Interim NCCU chancellor: Get off your ‘Buts’
One week after taking office, Interim Chancellor Charles Becton spoke to the assembled faculty and staff at North Carolina Central University on Tuesday, Aug. 14.
In a spirited address that mixed humor and rhymes with straight talk about the challenges ahead, Becton said he does not intend to come up with new programs or initiatives.
As interim chancellor, he said he will “continue the wonderful work – the programs and initiatives – of Chancellor (Charlie) Nelms.”
At the same time, he said that for as long as he is in office, he will hold the faculty and staff to high levels of accountability.
will “continue the wonderful work – the programs and initiatives – of Chancellor (Charlie) Nelms.” At the same time, he said that for as long as he is in office, he will hold the faculty and staff to high levels of accountability.
A lawyer, former appeals court judge and law professor, Becton was chosen as interim leader for NCCU by University of North Carolina President Tom Ross shortly after Nelms, chancellor since 2007, announced his retirement. A search committee will soon begin the job of finding Nelms’ permanent successor.
Becton spoke at NCCU’s University Conference, an annual gathering of faculty and staff held each year shortly before the start of fall classes. The theme this year — and the focus of Becton’s remarks — was “Ensuring Student Success: Individual and Collective Commitment.”
“Seldom has there been such a challenging and demanding time for educators,” Becton said. “There is no week nor day nor hour when distractions, indifference, and frivolity don’t threaten to overwhelm our students. If we educators lose our passion and our will to involve, students will disengage by default. The only defense against student apathy is a concerned, caring faculty and staff.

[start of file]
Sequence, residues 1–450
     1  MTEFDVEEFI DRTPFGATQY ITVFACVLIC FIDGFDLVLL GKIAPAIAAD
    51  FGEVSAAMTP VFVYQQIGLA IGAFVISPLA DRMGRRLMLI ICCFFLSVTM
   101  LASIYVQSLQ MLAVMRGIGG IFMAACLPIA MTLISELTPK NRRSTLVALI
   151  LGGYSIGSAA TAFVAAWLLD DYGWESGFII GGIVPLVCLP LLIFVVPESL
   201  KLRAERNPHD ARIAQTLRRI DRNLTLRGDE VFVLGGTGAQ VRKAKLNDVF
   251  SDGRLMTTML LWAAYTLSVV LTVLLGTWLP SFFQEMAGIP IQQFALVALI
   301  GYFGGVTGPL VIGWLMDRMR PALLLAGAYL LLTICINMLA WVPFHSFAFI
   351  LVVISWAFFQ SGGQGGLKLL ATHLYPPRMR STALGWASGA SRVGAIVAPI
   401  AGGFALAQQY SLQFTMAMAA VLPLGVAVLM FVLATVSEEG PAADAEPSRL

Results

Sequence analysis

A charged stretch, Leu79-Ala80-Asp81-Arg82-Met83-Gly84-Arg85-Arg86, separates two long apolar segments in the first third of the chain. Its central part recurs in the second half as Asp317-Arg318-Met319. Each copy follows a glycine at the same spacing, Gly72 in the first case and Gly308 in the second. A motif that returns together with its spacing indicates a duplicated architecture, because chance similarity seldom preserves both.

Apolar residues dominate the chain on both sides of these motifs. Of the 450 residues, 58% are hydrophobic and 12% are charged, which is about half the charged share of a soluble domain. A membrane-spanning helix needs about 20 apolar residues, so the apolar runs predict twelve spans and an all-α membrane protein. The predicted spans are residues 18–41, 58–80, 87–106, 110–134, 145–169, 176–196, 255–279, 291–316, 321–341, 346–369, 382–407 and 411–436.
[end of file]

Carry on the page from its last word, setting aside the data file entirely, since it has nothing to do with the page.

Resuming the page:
“Our job,” he added, “is to encourage students to get off their buts. That’s spelled b-u-t-s, not b-u-t-t-s. It was Bernie Marcus, co-founder of Home Depot, who said, ‘Don’t let your “buts” get in the way of making a difference.’ Buts are nothing but excuses — as in, ‘I would have made a difference, but I grew up in poverty… but I’m from a single-family home… but it was too risky.”
Becton summarized his expectations for the faculty and staff, making clear that retention of students and keeping them on track for graduation were the paramount missions.
“I am a prodigiously hard worker,” Becton said. “I can think of only a few times in my career when an opposing lawyer out-prepared me. My clients got the best I had to offer. NCCU will get the best I have to offer. And I expect the best from you.”